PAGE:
GREENBRIER -- Small-town officials are asking Greenbrier residents to participate in a hearing next month regarding the Greenbrier Water Meter Replacement Project.

Representing the city's water department, Ronnie D. Hall spoke to Greenbrier aldermen during the regularly-scheduled March city council meeting last week, proposing four options he said residents should have the opportunity to weigh-in on.

Most of the city's water meters are nearly 20 years old and in need of updating, Hall said.

The Greenbrier Water System extends to residents as well as unincorporated areas outside city limits, covering approximately 46 square miles. In 1996, the city joined in on a water line system with Community Water System Treatment Facility in Greers Ferry. Currently, the city uses about 142 miles of water lines and has five storage tanks that store 1.35 million gallons of water each year.

As of Jan. 1, the city had 3,890 water meters installed. The majority of the meters are residential meters, while 50 are for commercial use — schools or irrigation uses. Of these meters, Hall said "only about 542 are less than 10 years old" and about 2,500 are nearly 20 years old.

Meters replaced in the late 90s are equipped with a drive-by collection technology. Using this system, it takes six working days to reach the city's water meters to bill residents accordingly each month, Hall said, adding that about 200 meters are replaced annually due to meter failure.

Replacing failed meters is costly, Hall said, advocating on March 4 the need to upgrade the city's water meter system.

"Currently [replacing failed meters] amounts to approximately 200 meters per year," he said.

Meters replaced in the past two years are equipped with the capability to transmit data via radio signal to a central data receiver, a process that could benefit the Greenbrier Water Department greatly, Hall said.

It costs the city about $37,000 annually — at $185 a piece — to keep with the need to replace failed water meters.

Upgrading the city's system will improve the water department's revenue stream and help catch water leakage early on.

The city desperately needs to upgrade its system, Hall said, adding that he has several proposals to give the city he would like residents to weigh in on during a public hearing.

"The proposed water meter replacement project is needed to assure the accuracy of the aging water meters as well as update the method of collecting the monthly meter readings," he said before the Greenbrier City Council. "With mete ages approaching 20 years, the worn metes may not accurately measure the water usage. Typically, the aging and worn meters will operate more slowly than new meters and report less water flow through the meter than the actual amount."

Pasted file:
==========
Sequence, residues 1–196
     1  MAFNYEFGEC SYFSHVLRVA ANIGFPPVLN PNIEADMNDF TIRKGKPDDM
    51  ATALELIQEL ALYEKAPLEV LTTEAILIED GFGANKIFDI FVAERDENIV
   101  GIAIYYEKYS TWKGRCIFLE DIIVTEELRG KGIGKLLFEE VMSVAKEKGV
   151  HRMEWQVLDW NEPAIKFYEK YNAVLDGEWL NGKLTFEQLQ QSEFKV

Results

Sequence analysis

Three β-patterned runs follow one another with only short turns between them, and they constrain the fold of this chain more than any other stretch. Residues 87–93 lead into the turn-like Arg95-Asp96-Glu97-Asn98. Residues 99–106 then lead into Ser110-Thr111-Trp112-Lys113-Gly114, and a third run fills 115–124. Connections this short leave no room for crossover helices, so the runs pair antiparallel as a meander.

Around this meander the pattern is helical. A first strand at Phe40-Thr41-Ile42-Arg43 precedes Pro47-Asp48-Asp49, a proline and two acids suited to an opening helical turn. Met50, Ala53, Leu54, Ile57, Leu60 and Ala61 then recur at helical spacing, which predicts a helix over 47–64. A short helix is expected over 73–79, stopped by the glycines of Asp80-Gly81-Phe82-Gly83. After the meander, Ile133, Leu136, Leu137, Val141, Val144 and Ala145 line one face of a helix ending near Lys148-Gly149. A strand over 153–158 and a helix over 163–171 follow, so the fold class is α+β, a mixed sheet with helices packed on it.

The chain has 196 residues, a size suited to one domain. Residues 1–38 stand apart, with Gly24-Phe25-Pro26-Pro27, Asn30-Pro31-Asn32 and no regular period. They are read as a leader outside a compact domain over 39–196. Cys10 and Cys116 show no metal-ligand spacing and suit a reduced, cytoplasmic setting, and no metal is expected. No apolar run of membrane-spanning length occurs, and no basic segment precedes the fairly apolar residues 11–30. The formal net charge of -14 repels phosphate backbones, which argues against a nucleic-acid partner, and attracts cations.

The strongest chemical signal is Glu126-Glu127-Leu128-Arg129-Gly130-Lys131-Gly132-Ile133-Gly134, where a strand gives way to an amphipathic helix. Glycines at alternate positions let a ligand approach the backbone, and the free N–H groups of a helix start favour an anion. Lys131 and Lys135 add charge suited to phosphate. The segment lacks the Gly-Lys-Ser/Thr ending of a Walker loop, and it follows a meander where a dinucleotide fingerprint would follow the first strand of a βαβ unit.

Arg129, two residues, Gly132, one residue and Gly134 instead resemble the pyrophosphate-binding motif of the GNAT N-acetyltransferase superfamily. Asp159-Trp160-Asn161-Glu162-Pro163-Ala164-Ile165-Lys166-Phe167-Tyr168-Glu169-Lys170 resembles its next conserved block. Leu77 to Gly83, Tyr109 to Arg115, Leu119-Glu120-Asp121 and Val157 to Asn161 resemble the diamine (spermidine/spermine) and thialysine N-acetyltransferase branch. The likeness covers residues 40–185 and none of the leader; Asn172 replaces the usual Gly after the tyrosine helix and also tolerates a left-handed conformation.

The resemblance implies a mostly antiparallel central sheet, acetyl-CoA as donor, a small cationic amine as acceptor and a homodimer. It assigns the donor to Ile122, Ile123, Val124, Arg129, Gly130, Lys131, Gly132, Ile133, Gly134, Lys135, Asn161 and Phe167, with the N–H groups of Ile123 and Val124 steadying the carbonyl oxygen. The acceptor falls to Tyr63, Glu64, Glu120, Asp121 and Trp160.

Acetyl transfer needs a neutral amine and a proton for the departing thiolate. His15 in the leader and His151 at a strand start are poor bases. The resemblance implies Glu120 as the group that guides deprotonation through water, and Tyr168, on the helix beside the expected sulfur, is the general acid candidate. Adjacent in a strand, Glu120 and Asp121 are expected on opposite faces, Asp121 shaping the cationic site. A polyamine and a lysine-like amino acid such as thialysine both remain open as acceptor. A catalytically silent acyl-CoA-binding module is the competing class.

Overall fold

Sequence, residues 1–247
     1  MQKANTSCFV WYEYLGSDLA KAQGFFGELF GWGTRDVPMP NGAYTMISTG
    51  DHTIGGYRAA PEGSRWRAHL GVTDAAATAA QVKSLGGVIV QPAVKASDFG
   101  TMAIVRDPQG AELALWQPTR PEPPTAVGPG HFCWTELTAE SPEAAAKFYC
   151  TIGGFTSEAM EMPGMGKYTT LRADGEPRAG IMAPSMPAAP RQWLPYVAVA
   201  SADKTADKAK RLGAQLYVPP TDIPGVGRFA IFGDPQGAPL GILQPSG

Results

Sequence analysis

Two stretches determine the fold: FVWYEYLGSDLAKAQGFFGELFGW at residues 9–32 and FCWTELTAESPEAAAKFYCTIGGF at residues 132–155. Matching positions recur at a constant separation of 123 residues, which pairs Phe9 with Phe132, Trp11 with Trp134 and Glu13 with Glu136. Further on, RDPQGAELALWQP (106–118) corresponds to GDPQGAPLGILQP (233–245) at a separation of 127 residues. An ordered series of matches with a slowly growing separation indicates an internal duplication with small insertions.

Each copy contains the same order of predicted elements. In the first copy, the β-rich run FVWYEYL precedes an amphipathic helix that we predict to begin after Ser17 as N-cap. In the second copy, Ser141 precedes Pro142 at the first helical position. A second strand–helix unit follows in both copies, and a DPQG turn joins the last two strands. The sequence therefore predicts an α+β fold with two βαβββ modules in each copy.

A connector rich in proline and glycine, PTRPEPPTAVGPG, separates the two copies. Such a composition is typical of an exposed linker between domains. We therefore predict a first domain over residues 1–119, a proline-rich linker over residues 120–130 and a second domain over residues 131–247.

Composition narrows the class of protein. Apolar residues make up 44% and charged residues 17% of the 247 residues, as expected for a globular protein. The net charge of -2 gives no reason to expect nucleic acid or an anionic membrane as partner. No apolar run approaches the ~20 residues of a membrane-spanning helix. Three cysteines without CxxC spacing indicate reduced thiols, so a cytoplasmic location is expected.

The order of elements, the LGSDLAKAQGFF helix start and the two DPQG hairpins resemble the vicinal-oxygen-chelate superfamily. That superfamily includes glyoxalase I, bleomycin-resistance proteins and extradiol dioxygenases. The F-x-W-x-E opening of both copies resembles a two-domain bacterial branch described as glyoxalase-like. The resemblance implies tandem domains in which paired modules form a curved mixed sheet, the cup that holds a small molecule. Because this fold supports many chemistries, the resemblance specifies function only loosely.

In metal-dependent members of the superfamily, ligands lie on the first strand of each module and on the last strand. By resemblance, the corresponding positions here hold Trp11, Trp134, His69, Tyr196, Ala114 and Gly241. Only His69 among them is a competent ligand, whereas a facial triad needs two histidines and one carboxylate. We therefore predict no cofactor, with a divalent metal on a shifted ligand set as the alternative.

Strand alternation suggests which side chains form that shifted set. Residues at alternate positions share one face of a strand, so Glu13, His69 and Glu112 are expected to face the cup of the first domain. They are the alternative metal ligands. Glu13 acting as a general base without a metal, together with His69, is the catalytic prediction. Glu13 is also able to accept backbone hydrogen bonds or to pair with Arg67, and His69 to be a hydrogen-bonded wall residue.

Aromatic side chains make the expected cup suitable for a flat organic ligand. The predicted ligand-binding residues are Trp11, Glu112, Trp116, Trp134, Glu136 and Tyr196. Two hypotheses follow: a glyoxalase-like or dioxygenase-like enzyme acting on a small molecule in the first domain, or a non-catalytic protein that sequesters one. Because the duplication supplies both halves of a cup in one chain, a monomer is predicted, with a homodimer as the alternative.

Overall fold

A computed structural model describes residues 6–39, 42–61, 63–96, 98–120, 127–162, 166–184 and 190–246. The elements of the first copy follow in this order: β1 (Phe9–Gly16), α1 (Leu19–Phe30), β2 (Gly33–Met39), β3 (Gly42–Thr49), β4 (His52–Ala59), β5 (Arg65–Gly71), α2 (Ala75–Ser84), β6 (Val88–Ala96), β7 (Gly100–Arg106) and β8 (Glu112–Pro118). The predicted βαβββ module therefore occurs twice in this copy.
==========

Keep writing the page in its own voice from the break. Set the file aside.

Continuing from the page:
Upgrading the system, Hall said, likely would cut down greatly the unaccounted for water loss in the city, which was nearly 30.8 million gallons in 2017.

Requirements handed down by the American Water Works Association also make it necessary to improve the city's water meter reading capabilities.

The AWWA requires that waters meters read with at least 98.5 percent accuracy. However, the city's current system "typically falls short" of the 98.5 percent to 101.5 percent gap allowed.

According to Hall's estimates, upgrading Greenbrier's water meter system would help account for 40 percent of the "unaccounted for" water loss the city faces each year.

Giving a scenario where all meters reported 5 percent less than what was actually used, a new system would improve the city's readings by 12 million gallons (40 percent) when compared to 2017's numbers.

The 40 percent improvement would bring in an additional $50,000 for the city each year.

When replacing meters in 2017 and 2018, the water department began installing systems using Accurastream radio signal collection. About 350 meters have been replaced using this technology, Hall said.

Moving forward with the radio-reporting technology under Accurastream, Hall said about 3,500 of the city's 3,890 meters. If the city opts to use cell phone reporting data, 3,840 meters would have to be replaced because the recently-replaced systems are not compatible with the mobile technology. This number excludes the 50 commercial meters.

Hall further explained that meter collection is conducted via two methods: either drive-by reading or a radio signal (mobile) method. Greenbrier currently uses the drive-by method.

During the March city council meeting, Hall proposed four plans — three that advocated change and a fourth to "do nothing."

Each of the proposals the city is faced with features a different pay amount in reference to how much residents would pay per 1,000 gallons of water used each month. Each plan also cost the city varying amounts.

The proposals at hand are to:

Replace all meters, which includes an annual $22,100 management fee for the city and cost residents 63 cents per 1,000 gallons f water.
Replace 2,000 meters with central data-reporting technology, which includes an annual $22,100 management fee for the city as these 2,000 meters will feature mobile technology and the rest must be manually read. This option would cost residents 44 cents per 1,000 gallons.
Replace 2,000 meters while utilizing the drive-by collection method, which does not have a management fee attached to it because the task is manually performed by water department employees and cost residents 25 cents per 1,000 gallons of water.
Change nothing and increase the city's budget to $55,000 to cover water loss. This option would cost residents 23 cents per 1,000 gallons of water.

The Log Cabin Democrat will follow up with details regarding the pros and cons of each recommendation provided to city officials prior to the public hearing, which is scheduled to begin at 6 p.m. April 1 at Greenbrier City Hall, located at 11 Wilson Farm Road.